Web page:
As the Communications Manager for Mentor Scout, one of my responsibilities is participating on the judging panel for the annual Mentor of the Year award recipient. During this time, my inbox is flooded with nominations written by mentees, who give accolades and praise to their mentors. What I’ve learned from this process is that mentorships can truly be life-changing events, in which both the mentors and mentees benefit. I’ve also seen how much a mentorship can help mentees start and thrive in their second careers.
I’d like to share one memorable mentoring success story – one that highlights how much a mentor can help someone starting over. This is Jennifer’s story.
After working for nearly 15 years at the Eastman Kodak Company, holding various positions in R&D, Manufacturing, Operations Leadership, and Environmental Health and Safety, Jennifer Allen joined Xerox in 2006. She is a Chemical Engineer by training, but wanted to do more on her career path.
When Jennifer started with Xerox, most of the people her age had already been with the company for a long time. She knew that she needed to quickly acclimate to the company and with its culture. She felt that having a mentor who had been with the company for a while would help her get up to speed with everything she really needed to know – you know, the unspoken norms, the culture, the politics, etc.
Fortunately for Jennifer, she was a member of Xerox’s The Women’s Alliance (TWA) caucus group which had just launched a pilot mentoring program. She immediately found a mentor who helped her with many things. She was a great sounding board, wise and patient counselor and a now treasured friend. Several assignments (years) later Jennifer still wanted to continue her professional development. She wanted to continue to get “in the know” about other areas in the company so that she could start making moves on her career path. A few years prior, Jennifer acquired her MBA, and she wanted to leverage that part of her portfolio. She also missed working in operations and wanted to get back into that type of role, as well as learn new skills. It seemed she needed a different objective perspective, and decided on engaging another mentor.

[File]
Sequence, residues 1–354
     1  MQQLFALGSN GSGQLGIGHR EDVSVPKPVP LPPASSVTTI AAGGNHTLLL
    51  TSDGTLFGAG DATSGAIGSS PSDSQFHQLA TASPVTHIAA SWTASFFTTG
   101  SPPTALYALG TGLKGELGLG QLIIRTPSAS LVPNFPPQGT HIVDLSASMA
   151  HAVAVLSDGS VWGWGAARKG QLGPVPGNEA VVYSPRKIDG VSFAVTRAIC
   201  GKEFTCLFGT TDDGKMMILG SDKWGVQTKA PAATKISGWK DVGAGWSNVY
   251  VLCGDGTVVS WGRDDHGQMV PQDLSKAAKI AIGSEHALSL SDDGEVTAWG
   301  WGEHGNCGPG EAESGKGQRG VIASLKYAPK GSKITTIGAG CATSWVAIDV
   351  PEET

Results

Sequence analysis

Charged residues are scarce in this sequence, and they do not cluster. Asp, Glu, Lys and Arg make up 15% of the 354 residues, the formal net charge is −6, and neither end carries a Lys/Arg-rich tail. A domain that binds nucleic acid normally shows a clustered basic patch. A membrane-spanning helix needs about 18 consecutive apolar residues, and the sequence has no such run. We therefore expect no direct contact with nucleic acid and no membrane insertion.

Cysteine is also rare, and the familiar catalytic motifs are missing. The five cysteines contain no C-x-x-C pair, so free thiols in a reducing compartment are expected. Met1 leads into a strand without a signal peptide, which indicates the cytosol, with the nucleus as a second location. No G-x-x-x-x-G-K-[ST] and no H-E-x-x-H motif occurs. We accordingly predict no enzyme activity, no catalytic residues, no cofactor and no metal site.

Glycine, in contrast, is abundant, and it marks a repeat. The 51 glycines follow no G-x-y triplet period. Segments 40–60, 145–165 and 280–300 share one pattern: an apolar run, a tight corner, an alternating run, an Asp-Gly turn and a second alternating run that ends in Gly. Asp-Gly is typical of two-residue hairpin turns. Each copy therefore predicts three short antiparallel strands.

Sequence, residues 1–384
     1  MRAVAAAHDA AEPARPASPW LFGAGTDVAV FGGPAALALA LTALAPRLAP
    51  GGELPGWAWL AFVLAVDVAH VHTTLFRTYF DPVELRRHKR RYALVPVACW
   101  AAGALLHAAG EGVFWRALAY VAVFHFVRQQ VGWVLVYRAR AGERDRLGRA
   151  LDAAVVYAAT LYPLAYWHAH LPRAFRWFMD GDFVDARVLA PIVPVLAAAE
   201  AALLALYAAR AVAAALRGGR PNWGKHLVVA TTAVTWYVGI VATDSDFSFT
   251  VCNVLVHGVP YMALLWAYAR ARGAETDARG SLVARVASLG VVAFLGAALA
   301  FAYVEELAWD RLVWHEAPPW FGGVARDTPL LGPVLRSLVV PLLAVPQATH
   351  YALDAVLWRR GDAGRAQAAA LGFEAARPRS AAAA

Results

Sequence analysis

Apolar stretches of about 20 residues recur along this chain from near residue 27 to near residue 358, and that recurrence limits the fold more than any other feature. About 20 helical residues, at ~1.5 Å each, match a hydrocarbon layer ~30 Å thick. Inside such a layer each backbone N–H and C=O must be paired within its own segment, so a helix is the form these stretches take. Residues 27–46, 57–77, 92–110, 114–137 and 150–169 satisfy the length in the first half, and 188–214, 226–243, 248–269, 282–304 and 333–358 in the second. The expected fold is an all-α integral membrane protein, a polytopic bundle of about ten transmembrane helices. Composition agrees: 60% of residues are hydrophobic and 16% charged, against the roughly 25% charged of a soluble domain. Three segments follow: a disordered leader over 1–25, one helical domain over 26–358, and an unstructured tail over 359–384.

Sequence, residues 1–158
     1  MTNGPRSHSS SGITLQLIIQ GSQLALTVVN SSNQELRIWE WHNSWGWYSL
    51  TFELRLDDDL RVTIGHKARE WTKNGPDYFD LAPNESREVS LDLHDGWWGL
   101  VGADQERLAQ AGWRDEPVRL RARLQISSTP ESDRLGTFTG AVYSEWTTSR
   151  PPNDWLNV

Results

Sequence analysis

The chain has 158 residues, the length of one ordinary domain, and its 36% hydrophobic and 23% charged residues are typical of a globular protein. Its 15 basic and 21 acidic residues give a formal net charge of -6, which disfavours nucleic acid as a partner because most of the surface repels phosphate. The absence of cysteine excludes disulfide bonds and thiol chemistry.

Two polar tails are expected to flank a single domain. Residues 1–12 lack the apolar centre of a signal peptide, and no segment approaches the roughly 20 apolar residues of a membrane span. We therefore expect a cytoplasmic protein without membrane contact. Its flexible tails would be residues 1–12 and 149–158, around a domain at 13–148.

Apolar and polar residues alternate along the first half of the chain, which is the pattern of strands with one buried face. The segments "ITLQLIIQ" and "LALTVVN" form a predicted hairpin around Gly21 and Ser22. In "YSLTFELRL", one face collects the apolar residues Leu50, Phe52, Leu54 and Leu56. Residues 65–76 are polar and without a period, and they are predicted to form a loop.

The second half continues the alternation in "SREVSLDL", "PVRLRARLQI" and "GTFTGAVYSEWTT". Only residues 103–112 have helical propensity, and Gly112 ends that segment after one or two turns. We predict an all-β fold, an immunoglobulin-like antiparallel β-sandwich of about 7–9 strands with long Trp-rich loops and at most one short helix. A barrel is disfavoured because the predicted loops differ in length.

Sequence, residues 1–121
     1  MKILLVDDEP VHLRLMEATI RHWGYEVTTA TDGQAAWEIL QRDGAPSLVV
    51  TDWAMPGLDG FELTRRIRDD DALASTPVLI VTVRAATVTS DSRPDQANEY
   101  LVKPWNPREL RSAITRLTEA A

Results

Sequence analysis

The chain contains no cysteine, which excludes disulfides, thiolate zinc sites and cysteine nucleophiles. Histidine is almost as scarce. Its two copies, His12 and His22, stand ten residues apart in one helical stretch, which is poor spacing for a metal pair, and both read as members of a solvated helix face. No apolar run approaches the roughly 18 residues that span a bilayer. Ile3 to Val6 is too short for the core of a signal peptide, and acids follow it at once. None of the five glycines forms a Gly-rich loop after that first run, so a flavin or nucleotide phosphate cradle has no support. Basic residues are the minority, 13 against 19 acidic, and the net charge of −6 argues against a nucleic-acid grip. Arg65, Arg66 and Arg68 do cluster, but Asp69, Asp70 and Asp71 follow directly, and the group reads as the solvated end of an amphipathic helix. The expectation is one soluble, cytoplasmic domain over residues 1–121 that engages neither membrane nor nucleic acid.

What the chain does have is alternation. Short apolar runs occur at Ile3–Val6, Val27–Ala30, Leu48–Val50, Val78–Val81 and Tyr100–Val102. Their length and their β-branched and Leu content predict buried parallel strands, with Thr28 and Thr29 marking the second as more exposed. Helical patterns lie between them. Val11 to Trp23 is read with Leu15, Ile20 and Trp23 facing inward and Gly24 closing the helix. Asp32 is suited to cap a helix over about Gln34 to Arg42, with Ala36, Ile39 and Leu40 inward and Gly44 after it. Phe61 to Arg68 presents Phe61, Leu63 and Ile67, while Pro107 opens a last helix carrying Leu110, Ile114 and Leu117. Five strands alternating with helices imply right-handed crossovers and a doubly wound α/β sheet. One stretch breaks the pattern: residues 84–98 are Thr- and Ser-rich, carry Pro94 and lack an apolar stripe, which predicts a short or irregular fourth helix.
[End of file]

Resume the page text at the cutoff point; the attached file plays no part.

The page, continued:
The TWA mentoring program is powered by Mentor Scout, our online mentoring software program, which made it easy for Jennifer to search for a new mentor by using its profile searching capabilities. All she had to do was update her mentoring profile, enter the search criteria that was most important to her, and click a button. The program responded with a list of several potential mentor candidates in order of how well they matched Jennifer’s wish list. As she scrolled through them with her set requirements in mind, she found a 100% match with Judy Novak.
Judy was perfect because, like Jennifer, she had professional experience outside of Xerox. Jennifer knew she wanted a “safe” person with whom she could share confidential information with, the types of things that she didn’t want her subordinates, peers and managers to know about. She knew Judy would be able to help her, so she reached out to her formally through the Mentor Scout program and invited her to be her mentor.